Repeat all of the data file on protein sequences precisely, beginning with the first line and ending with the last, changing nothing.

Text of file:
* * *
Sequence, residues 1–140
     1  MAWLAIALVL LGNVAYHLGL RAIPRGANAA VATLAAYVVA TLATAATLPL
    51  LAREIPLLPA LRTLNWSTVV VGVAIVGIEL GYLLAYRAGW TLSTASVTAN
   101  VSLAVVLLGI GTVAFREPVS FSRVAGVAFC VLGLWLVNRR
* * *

Sequence, residues 1–140
     1  MAWLAIALVL LGNVAYHLGL RAIPRGANAA VATLAAYVVA TLATAATLPL
    51  LAREIPLLPA LRTLNWSTVV VGVAIVGIEL GYLLAYRAGW TLSTASVTAN
   101  VSLAVVLLGI GTVAFREPVS FSRVAGVAFC VLGLWLVNRR